Creating a JavaScript Development Environment: Project Structure

coryWelcome to Part 11 of this review of the Pluralsight course “Creating a JavaScript Development Environment” by Cory House.

Cory is a Microsoft MVP in C#, founder of OutlierDeveloper.com, avid tech reader, and speaker.

He believes in clean code, pragmatic development, and responsive native UIs.

He has also created reactjsconsulting.com, and has the authored Pluralsight courses including Building Applications with React and Flux and Building Applications with React and Redux in ES6.

Also in this series:
Part 1 – You Need a Starter Kit
Part 2 – Editors and Configuration
Part 3 – Package Management
Part 4 – Development Web Server
Part 5 – Automation
Part 6 – Transpiling
Part 7 – Bundling
Part 8 – Linting
Part 9 – Testing and Continuous Integration
Part 10 – HTTP Calls
Part 11 – Project Structure
Part 12 – Production Build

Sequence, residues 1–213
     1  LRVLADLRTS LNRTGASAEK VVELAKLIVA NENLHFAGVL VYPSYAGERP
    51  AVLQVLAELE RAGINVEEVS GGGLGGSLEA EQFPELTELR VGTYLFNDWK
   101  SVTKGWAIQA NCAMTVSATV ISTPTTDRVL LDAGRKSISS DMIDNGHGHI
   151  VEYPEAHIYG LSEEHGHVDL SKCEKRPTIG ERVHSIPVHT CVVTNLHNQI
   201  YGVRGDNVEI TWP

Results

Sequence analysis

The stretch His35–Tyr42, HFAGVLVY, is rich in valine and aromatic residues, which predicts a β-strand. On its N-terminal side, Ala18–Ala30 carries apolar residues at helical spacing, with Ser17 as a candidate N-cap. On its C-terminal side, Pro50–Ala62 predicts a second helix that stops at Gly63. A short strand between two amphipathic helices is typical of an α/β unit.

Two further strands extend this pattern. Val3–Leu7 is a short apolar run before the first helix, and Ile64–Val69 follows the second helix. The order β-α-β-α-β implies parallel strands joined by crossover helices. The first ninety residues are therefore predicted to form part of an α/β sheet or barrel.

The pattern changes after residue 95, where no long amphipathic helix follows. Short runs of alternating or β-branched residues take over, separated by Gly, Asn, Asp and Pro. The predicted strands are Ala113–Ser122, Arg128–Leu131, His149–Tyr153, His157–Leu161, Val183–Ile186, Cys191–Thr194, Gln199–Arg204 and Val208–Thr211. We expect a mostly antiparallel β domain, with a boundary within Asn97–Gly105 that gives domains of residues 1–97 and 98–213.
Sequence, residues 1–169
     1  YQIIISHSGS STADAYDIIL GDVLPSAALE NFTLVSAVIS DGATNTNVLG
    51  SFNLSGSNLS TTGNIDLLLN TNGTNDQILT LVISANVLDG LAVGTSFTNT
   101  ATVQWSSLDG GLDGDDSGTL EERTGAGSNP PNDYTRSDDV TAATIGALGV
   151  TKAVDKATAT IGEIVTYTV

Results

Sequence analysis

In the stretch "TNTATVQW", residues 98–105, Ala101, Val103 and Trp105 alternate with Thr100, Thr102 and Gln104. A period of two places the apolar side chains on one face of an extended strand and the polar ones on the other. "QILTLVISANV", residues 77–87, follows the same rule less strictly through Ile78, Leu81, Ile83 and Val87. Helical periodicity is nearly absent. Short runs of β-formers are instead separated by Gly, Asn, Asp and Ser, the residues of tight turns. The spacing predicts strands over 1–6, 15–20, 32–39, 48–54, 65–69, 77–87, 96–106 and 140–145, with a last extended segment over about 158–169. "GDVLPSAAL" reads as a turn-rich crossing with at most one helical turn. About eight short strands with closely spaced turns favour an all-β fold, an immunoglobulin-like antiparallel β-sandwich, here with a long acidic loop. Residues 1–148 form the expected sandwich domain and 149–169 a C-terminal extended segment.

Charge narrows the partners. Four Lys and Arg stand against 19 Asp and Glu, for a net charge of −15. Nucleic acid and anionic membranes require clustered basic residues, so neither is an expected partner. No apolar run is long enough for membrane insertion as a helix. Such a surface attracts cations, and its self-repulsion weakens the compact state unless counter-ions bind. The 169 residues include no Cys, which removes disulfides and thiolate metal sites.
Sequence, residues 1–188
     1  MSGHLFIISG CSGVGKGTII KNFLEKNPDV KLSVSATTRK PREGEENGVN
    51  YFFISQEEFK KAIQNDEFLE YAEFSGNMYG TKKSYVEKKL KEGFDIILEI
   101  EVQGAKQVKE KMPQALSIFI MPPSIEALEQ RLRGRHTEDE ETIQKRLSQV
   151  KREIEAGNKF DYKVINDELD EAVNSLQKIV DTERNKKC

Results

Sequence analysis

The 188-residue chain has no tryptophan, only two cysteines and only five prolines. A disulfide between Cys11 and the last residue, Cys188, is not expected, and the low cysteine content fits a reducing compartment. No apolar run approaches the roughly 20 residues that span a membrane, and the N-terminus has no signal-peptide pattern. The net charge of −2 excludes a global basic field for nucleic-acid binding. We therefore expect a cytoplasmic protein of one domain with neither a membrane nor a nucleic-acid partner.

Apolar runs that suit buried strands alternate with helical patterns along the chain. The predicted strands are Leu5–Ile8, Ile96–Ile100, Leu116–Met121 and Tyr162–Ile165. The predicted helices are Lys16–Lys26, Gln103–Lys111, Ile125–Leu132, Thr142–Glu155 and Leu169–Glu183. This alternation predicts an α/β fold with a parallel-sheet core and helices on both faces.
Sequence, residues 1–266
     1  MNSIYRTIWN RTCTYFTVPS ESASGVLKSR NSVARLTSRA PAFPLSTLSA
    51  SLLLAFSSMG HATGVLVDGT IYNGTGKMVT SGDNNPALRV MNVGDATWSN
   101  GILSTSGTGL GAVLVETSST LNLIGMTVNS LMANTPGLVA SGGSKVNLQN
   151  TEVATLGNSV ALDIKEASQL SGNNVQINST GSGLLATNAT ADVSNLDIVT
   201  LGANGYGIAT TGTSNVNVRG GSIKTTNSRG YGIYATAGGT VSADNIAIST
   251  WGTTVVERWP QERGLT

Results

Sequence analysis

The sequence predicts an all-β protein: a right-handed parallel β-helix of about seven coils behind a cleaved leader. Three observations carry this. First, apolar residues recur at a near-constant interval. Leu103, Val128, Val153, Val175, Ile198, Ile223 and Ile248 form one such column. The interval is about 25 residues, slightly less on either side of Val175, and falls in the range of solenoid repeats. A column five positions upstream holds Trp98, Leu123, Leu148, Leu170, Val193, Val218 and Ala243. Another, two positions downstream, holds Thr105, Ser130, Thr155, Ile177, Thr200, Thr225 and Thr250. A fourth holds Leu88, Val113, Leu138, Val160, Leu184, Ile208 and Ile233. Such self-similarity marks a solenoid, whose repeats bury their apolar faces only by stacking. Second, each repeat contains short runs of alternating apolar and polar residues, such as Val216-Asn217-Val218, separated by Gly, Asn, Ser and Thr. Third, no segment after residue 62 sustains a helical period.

Part 13 – Production Deploy

Project Structure

Why a Demo App?

Many learn best by example. This is why Cory believes a demo app is a critical piece of a starter kit. It includes examples of:

– Directory structure and file naming
– Framework usage
– Testing
– Mock API
– Automated deployment

Tip 1: JS Belongs in a .js file

Cory warns against the temptation of putting JS inside a script tag, describing the many downsides of this practice.

He mentions using the Configuration Object pattern here as a way to avoid dynamically generating JavaScript logic.

For more on this see Cory’s medium post 12 Rules for Professional JavaScript

Tip 2: Consider Organizing by Feature

If you are working on a large project, Cory recommends organizing by feature, rather than file type.

Tip 3: Extract Logic to POJOs

This tip is about minimizing our dependency on any specific framework and potentially making the code easier to read.

As an example of this see Cory’s React Slingshot project.

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